Research targets bacteria causing kids ear infections

New research led from Aucklands Starship Childrens Hospital is helping combat widespread childhood ear infections by pinpointing the bacteria responsible for acute middle ear disease in children in New Zealand

Paediatric Otolaryngologist at the hospital Dr Nikki Mills who is leading the research says the study is using advanced molecular techniques to identify and study the actual bacteria causing the disease in New Zealand as opposed to relying on overseas research Her study will also provide a basis for measuring the impact of vaccination on the types of bacteria causing ear infections

Dr Mills says quotNew Zealand children deserve to have treatment based on local information Until now decisions on treating acute middle ear disease have been based on old data or data from other countries particularly Australia and Europe

quotThis study is the first of its kind in New Zealand in nearly 20 years and supported by more modern research techniques it will help doctors make antibiotic treatment decisions based on real life factors

quotAs a result of the research we will also have better information for making recommendations on childhood immunisation which help prevent ear infectionsquot

As well as identifying the main causes of childhood ear disease in New Zealand the study examined regional variations to confirm the suitability of treatment nationally

quotNow that we have this information we can take steps to determine if we need to be prescribing different antibiotics to treat ear infections in different parts of the countryquot said Dr Mills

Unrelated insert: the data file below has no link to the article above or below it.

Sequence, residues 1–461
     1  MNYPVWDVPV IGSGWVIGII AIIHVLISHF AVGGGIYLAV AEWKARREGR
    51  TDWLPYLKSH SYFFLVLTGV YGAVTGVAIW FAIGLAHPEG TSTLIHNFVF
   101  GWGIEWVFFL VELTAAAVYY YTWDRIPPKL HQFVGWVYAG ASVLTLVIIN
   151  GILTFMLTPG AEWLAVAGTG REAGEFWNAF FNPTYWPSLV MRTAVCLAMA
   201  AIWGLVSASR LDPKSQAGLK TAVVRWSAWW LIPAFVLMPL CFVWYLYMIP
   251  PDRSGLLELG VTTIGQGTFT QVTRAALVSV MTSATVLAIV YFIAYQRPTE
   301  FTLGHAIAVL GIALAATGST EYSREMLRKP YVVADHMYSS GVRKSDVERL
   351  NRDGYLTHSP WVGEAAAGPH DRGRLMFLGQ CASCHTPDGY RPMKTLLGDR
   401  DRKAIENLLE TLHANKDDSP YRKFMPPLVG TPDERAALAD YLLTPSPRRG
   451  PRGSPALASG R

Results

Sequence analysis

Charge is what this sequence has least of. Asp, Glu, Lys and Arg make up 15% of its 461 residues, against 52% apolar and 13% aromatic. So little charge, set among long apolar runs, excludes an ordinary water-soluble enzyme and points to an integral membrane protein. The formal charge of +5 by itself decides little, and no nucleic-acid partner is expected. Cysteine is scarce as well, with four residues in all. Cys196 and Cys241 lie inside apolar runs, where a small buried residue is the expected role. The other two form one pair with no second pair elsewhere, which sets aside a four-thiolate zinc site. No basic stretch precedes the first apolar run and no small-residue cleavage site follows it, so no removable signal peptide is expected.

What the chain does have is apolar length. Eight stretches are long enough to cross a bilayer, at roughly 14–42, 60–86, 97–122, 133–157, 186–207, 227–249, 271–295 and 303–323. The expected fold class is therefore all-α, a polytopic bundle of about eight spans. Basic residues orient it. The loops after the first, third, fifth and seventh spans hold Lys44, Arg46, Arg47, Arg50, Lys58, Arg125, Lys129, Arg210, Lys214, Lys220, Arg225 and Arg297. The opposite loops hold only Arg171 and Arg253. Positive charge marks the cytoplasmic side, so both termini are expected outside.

The study also takes other risk factors into account such as family history smoking overcrowding and medical history

The study involved more than 460 children in three New Zealand District Health Boards Auckland Counties Manukau and Canterbury with Dr Emma Best Starship Childrens Hospital and Dr Tony Walls Christchurch Hospital working as coinvestigators alongside Dr Mills

All children were under the age of three and were in hospital to undergo grommet insertion 325 children or another medical procedure under general anaesthetic 137 children All children in the study were also eligible for the pneumococcal conjugate vaccine on the National Immunisation Schedule

Both groups had swabs taken from the back of their noses and samples of middle ear fluid were also taken from the group of children receiving grommets

The study will help understanding of the impact of the nextgeneration pneumococcal vaccine that was introduced into New Zealands National Immunisation Schedule in 2011 As well as providing protection against invasive pneumococcal disease Synflorix is the only vaccine that may cover 80 of bacteria responsible for ear infections

Date : 21 May, 2012
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